The number of smokers around the world is gradually declining, with not only women but also men smoking less in recent years.
This is an ambitious report by WHO experts summarizing the “global tobacco epidemic” of the past two decades.
“Over the years, we have seen a steady increase in tobacco use among men. But now, for the first time, the number is declining,” said Tedros Gebreisus, the organization’s General Director, calling it a turning point in tobacco control.
The main reason for the decrease in the number of smokers, according to the head of the WHO, is the stricter measures taken in most countries against the tobacco industry in recent years.
Now the sad leadership in the prevalence of this harmful habit is shared by the dwarf island states of Nauru and Kiribati, where more than half (52%) of the country’s population smokes.
They are followed by Tuvalu (49%), Myanmar (45%), Chile (45%), Lebanon (43%) and Serbia (41%) by a slight margin.
The situation in Russia is much better – it is only slightly ahead of the world average (28.3%). However, the proportion of smokers among Russians is almost twice as high as the global average.
If we look at the absolute figures, more than 31 million people smoke in Russia, according to WHO. This is ten times less than in China and almost four times less than in India.
A man’s habit
According to the latest data, today almost one in four people on average smokes (or uses tobacco in another form). 80% of them are men.
In total, there are about 1 billion 337 million smokers of cigarettes, tubes, cigars, hookahs and “smokeless tobacco products” – for example, heated sticks. Electronic cigarettes are not included in WHO statistics.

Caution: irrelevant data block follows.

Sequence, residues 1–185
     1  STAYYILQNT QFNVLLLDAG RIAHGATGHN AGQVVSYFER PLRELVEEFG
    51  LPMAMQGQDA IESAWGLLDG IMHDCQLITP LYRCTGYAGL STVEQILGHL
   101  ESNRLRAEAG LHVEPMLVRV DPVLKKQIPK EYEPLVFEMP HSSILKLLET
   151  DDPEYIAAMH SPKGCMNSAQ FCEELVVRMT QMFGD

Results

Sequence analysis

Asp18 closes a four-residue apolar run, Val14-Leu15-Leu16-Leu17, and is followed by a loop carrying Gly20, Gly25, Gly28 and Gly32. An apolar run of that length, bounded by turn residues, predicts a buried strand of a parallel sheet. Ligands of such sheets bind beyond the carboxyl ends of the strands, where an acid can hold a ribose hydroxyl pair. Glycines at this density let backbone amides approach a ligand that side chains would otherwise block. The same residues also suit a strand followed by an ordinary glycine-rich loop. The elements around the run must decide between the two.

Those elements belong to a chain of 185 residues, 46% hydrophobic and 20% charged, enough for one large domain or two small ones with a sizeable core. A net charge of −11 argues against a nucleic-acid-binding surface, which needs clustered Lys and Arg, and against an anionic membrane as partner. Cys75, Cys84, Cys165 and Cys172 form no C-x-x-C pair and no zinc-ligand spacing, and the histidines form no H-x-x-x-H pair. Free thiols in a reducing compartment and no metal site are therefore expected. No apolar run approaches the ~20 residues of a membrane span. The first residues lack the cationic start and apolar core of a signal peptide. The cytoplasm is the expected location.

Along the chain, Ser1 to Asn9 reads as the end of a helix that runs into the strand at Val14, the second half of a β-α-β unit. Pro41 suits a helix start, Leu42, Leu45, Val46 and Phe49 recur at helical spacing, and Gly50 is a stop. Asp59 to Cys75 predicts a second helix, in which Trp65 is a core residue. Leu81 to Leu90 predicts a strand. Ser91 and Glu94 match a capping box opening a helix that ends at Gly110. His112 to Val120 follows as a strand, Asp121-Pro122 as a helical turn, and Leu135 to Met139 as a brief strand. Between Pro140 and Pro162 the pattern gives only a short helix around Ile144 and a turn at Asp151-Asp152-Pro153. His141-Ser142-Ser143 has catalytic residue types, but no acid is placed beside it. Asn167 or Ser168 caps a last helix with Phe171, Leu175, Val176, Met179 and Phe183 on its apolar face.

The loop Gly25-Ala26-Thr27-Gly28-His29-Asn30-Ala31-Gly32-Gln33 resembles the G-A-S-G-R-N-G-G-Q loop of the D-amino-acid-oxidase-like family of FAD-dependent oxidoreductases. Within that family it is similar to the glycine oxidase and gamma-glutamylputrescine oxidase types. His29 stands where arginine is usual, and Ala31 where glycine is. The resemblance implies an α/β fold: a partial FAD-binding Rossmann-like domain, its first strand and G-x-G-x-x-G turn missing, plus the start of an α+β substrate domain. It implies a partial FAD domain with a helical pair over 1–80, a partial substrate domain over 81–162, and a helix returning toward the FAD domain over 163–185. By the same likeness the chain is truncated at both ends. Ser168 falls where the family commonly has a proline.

Since 2000, the number of tobacco users worldwide has fallen by about 60 million, but the decline has been entirely at the expense of women.
The total number of smokers has decreased by about 100 million – almost one and a half times – but at the same time there are 40 million more male smokers (their number began to decrease only last year).
Nevertheless, the trend of the last two decades is clear: there are fewer and fewer smokers in the world.
While on average one in three people over 15 years of age used tobacco in 2000, WHO predicts that by 2025 only one in five will smoke (although these statistics also take into account global population growth).
The best situation is in the Americas: according to the trend, the number of smokers should decrease by one third in 15 countries by 2030.
Tobacco use is increasing in only five countries: Congo, Egypt, Lesotho, Nigeria and Oman.
Over 8 million people die each year from tobacco-related diseases worldwide, 1.2 million of whom are passive smokers.
The report specifically highlights that 43 million regular tobacco users are children between the ages of 13 and 15.